Poet of the Month

2021: Poets featured as Poet of the Month 

January: Rebecca Lowe (Wales). February: Jim Gronvold (USA). March: Carolyn Mary Kleefeld (USA). April: Tozan Alkan (Turkey). May: Byron Beynon (Wales). June: Michelle Chung (USA). July: Jim Gwyn (USA). August: Jonathan Taylor (England). September: Beata Poźniak (USA). October: Maria Taylor (England).


NOVEMBER: Stanley H. Barkan, American poet and publisher

(c) 2021 Mark Polyakov 

Stanley H. Barkan, editor/publisher of Cross-Cultural Communications, which in 2020 celebrated its 50th Anniversary with 500 books in print, and as many broadsides and postcards and audio-visual productions in 60 languages (ranging from Arabic to Yiddish). CCC, in addition to having a long and productive cooperative relationship with Peter Thabit Jones of The Seventh Quarry Press in Swansea, Wales, has also hosted numerous literary events throughout the United States and in many parts of the world (Argentina, Bulgaria, Poland, Puerto Rico, Sicily, Wales), at such locations in New York as the International Center, Poets House, the Yale Club, and the Dag Hammerskjöld Auditorium of the United Nations. His own work has been published in 29 poetry editions, many bilingual, including Armenian, Bulgarian, Chinese, Dutch, Farsi/Persian, Italian, Romanian, Russian, Sicilian, Spanish.   His most recent books are As Still as a Broom, translated into Spanish by Isaac Goldemberg (2018) and Pumpernickel, translated into Farsi/Persian by Sepideh Zamani (2019) (both published by Oyster Bay, NY: New Feral Press), and More Mishpocheh, with illustrative photos and art by the author’s wife, Bebe Barkan (Swansea, Wales: The Seventh Quarry Press, 2018). Also, in 2017, he was awarded the Homer European Medal of Poetry & Art. Barkan lives with his wife in Merrick, Long Island, where his son and daughter and five grandchildren also reside. http://en.wikipedia.org/wiki/Stanley H. Barkan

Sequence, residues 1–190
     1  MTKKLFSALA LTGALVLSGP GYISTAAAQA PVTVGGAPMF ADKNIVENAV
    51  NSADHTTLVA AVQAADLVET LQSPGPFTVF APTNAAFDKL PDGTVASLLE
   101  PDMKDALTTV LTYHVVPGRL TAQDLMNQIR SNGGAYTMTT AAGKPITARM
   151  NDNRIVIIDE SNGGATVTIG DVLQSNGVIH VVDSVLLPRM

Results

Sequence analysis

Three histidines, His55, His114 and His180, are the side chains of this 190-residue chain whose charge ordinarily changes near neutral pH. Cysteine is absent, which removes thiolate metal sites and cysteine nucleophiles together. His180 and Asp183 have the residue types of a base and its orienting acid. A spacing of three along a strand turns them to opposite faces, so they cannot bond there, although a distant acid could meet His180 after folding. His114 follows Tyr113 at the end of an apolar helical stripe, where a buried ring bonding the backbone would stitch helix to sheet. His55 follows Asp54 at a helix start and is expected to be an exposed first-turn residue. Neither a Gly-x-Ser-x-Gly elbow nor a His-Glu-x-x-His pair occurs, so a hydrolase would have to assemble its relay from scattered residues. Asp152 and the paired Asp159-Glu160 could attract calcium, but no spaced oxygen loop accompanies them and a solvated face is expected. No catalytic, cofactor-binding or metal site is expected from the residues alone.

In Jerusalem, he gave me a dollar
to give to a needy man somewhere in New York,
a blessed message that, I’m told, would protect me:
“The messenger of a good deed comes to no harm.”
So I carried it like a live coal in my pocket,
wondering how I would get through airline security.
I fingered it like a worry bead, like a Hindu crystal,
all the long journey from Tel Aviv to New York.
It glowed hot and fiery all the car trip
back to my home in Merrick, Long Island,
And all night long it threatened to burst into flames.
The next morning, I drove into Manhattan,
sought out a truly worthy-looking homeless man,
took out the dollar, stuck it in is hand, glad to be rid of it,
like the flask in the Stevenson tale of “The Bottle Imp.”
As I turned away, I heard a crack, a sound of thunder.
I turned back and there was fire—flames burst
out of the hand of the homeless man!
All the homeless men were burning like the beggars
and cripples and poor in the legend of Vlad Țepeș.
All New York was ablaze. The world, too, was ending in fire,
while I was frozen, turned to a pillar of ice.

(c) 2021 Stanley H. Barkan

From O Jerusalem by Stanley H. Barkan
with complementary photographs by Ron Agam
(Cross-Cultural Communications, 1996)


for Max Schwartz

Grandfather liked
white horseradish,
on his gefilte fish
because it was strong
like the Limburger cheese
he spread on the large
oval slice of pumpernickel
he covered with heavy sweet cream
thick from the top of the tin milkcan
delivered at predawn to the grocery store
he opened at the crack of every morning.
Horseradish, after all, is just a weed
whose roots in the earth
you may, by chance,
spread as topsoil on your lawn.
It can grow through sand, asphalt—even cement.
It is strong in any form—red or white.
But chreyn is good on flanken and fish,
especially on gefilte.
If he were still here,
you could ask my grandfather.

(c) 2021 Stanley H. Barkan 

From ABC of Fruits & Vegetables
by Stanley H. Barkan, complementary
artwork by Mia Barkan Clarke
(Sofia, Bulgaria: AngoBoy, 2012).



Brooklyn cats breakfast on birds.
No canned wet pet food for them,
nor kibbles & bits of dry food.

Brooklyn cats are street cats.
They rule rooftops, fire escapes, and fences.
They roam backyards and alleyways
and won’t be confined
in condos, cages, or courtyards.

These are the cats of Brighton, Borough Park,
Bay Ridge, Bensonhurst, and Bushwick.
These are not the cats of Manhattan,
Queens, Staten Island, or The Bronx.

These Brooklyn cats are tough, not even
the big dogs of Bed-Stuy will tangle with them,
knowing they, like their cousins of Tel Aviv,
fiercely fang and claw all comers.

You can take the cat out of Brooklyn
to Long Island, Westchester, or Connecticut,
but you can’t take the Brooklyn out of the cat.

(c) 2021 Stanley H.Barkan


From Pumpernickel by Stanley H. Barkan,
Translated into Farsi/Persian by Sepideh Zamani
(Oyster Bay, NY: The New Feral Press, 2020)